Tait Fletcher => Alpha Trawler (Chapter 1: The Mandalorian)
Dee Bradley Baker => Frog Lady (voice) (Chapter 10: The Passenger)
Paul Sun-Hyung Lee => Captain Carson Teva (Chapter 10: The Passenger)
Dennis Keiffer => Bodyguard (Chapter 9: The Marshal)
Isaac C. Singleton Jr. => Twi'lek Doorman (as Isaac C. Singleton) (Chapter 9: The Marshal)
John Leguizamo => Gor Koresh (voice) (Chapter 9: The Marshal)
Miguel A. Lopez => Tusken Raider #1 (Chapter 9: The Marshal)
Timothy Olyphant => Cobb Vanth (Chapter 9: The Marshal)
W. Earl Brown => Weequay Proprietor (Chapter 9: The Marshal)
Freedom Bridgewater => Performance Artist #1.3 (Chapter 3: The Sin)
Jon Favreau => Paz Vizsla (voice) (Chapter 3: The Sin)
Katee Sackhoff => Bo-Katan Kryze (Chapter 11: The Heiress)
Kevin Dorff => Deck Officer (Chapter 11: The Heiress)
Sasha Banks => Koska Reeves (as Mercedes Varnado) (Chapter 11: The Heiress)
Simon Kassianides => Axe Woves (Chapter 11: The Heiress)
Titus Welliver => Imperial Captain (Chapter 11: The Heiress)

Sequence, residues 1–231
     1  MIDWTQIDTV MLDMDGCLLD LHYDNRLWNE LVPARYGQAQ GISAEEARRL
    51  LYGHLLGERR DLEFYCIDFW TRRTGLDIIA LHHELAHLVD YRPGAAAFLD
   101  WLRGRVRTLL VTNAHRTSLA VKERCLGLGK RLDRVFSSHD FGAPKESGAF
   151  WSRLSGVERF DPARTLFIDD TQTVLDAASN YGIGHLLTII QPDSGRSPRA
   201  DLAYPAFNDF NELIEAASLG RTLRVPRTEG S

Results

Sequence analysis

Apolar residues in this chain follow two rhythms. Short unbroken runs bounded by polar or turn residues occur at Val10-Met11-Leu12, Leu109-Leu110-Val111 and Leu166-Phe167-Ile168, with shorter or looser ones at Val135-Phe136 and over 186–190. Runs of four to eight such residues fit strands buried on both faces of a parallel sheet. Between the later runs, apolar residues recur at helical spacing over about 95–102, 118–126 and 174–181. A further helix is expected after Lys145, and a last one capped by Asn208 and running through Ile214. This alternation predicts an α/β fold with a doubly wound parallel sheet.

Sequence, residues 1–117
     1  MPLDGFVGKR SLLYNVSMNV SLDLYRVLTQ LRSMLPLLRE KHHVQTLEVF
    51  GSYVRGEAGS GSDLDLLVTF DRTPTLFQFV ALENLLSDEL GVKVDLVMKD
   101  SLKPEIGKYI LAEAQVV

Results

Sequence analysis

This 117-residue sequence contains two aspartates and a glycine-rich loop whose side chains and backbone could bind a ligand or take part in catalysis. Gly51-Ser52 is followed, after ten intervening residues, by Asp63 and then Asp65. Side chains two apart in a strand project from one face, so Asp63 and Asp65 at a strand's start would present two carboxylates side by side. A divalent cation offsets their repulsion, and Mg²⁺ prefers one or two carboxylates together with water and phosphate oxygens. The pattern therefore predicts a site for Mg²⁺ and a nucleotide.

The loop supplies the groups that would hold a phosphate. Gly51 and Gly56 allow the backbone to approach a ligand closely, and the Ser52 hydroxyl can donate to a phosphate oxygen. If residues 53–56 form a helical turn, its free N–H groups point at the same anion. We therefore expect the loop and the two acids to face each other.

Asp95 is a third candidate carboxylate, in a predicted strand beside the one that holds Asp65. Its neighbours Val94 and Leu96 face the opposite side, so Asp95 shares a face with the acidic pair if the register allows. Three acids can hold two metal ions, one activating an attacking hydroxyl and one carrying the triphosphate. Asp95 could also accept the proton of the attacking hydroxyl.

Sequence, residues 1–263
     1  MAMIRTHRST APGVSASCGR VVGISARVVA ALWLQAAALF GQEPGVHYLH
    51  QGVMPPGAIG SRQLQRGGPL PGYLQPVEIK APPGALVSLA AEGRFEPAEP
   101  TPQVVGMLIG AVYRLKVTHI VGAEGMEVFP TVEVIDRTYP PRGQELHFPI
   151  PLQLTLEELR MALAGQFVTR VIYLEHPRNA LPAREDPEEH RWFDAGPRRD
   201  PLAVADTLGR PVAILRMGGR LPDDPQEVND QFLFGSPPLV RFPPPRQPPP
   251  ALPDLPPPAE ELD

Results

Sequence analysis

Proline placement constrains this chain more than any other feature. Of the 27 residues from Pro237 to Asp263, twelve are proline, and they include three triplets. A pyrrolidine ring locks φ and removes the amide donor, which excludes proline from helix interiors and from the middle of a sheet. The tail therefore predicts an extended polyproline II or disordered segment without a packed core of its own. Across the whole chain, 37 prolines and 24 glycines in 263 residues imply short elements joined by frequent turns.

Mark Hamill => EV-9D9 (voice) (Chapter 5: The Gunslinger)
Steve Blum => Spaceport Operator (as Steve Jay Blum) (voice) (Chapter 5: The Gunslinger)
Matthew Wood => Bib Fortuna (Chapter 16: The Rescue)
Max Lloyd-Jones => Double for Jedi (as Max Lloyd Jones) (Chapter 16: The Rescue)
Michael Biehn => Lang (Chapter 13: The Jedi)
Rosario Dawson => Ahsoka Tano (Chapter 13: The Jedi)
Richard Brake => Valin Hess (Chapter 15: The Believer)
Bryce Dallas Howard => Director
Carl Weathers => Director / Greef Karga
Dave Filoni => Director / Writer
Deborah Chow => Director
Jon Favreau => Director / Writer / Creator
Peyton Reed => Director
Rick Famuyiwa => Director / Writer
Robert Rodriguez => Director
Taika Waititi => Director / IG-11 (voice)